Five years ago I set out the following goals for myself:
- Have a nice cubicle job in the company I was the security guard for.
- Get over my depression.
- Stop being afraid of women.
- Get a girlfriend.
- Get in better shape.
- Move out from my parents.
Looking at it from one perspective, I have achieved them all! Swell! Now I have another reason to preach about how you should do that same.
Let’s side-track and look at Psychics for a second.
The reason that people believe in them is because of something called Confirmation Bias. When reading into someone’s past or talking to their dead relative, the gullible victim will focus on the few hits made by the Medium, while disregarding the misses along the way. It makes for even better TV when you add in some trick editing.
And that trick editing is exactly what goal-oriented people like me do. We talk about the goals that we have accomplished, while conveniently forgetting to mention the hundreds that have failed en route.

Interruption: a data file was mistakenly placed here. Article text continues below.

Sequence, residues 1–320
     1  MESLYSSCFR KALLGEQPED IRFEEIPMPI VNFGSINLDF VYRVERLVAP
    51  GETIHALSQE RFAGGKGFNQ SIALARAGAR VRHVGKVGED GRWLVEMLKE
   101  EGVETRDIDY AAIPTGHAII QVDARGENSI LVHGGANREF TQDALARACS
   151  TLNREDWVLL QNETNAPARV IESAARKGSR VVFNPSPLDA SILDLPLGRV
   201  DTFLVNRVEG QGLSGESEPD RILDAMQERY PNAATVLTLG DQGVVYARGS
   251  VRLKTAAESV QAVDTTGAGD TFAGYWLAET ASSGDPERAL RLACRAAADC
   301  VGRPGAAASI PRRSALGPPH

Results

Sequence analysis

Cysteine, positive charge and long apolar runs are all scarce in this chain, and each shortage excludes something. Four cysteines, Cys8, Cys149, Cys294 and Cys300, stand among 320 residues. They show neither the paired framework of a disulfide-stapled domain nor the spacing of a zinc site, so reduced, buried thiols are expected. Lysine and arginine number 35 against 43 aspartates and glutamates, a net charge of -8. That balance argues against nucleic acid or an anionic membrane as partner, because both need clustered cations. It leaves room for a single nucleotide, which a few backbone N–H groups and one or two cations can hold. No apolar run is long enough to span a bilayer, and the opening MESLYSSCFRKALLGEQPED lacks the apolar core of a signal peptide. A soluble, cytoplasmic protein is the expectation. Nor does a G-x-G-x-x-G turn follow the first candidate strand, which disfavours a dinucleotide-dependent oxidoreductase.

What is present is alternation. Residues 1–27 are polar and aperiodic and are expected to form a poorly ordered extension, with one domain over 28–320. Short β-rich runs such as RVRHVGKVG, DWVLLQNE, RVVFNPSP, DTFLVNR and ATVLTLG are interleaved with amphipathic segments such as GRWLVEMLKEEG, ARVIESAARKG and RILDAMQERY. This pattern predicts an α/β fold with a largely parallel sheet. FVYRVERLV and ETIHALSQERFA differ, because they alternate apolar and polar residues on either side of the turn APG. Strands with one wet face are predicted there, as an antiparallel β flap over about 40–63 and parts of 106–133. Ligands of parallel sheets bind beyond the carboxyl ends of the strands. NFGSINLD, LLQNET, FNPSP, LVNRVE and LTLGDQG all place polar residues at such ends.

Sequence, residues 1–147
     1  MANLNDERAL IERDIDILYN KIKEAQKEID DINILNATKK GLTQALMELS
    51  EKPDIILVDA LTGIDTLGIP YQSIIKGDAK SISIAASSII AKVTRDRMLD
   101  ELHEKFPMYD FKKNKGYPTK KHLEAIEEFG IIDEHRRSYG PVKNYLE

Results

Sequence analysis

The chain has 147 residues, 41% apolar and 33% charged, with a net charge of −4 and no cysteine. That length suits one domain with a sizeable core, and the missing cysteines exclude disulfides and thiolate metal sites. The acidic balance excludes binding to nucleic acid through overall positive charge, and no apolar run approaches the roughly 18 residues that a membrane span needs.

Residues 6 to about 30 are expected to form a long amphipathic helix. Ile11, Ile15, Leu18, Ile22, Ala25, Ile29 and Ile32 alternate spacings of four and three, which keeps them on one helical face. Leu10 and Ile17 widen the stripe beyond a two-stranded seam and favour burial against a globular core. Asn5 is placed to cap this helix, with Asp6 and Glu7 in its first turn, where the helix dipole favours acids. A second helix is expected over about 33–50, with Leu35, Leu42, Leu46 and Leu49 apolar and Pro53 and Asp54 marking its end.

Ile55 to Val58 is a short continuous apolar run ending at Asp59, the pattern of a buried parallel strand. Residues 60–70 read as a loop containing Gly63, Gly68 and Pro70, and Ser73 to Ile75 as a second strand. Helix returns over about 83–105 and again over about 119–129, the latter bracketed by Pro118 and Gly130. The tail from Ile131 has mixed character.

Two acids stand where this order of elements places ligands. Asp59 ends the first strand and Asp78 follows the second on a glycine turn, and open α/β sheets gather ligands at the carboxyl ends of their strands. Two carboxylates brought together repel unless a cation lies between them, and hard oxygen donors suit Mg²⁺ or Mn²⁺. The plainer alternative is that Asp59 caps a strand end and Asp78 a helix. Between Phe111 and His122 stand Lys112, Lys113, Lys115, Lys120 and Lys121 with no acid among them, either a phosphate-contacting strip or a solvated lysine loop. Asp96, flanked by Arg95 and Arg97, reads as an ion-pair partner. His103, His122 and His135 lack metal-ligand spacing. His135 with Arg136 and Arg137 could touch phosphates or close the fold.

Five years ago, my real goals were:
- Start a successful business.
- Be wealthy by 30.
- Become a successful blogger, and start building a media empire.
- Not work a conventional job.
It would be much more impressive if those came true, but they didn’t. I looked back at the few things that kind-of worked, and was about to spin them off as proof of the divine power of goals.
But there is nothing sacred about goals. The very idea of having big life goals is an advent of the 19th and 20th Centuries, with the growth of the self help movement. Granted, there is much more opportunity today than there was hundreds of years ago, but are goals the only answer?
I recently heard that the Ancient Roman’s didn’t believe in goals, instead focusing on excellence. If you were a soldier, strive to be an exceptional soldier. Same as a philosopher, farmer, Senator. There is something satisfying in the notion that you can focus and pursue excellence.
But there are probably more options. The most gratifying moments in my life have come from being curious about something, and letting it absorb me without a set agenda. As James Altucher wrote, “ready, fire, aim.”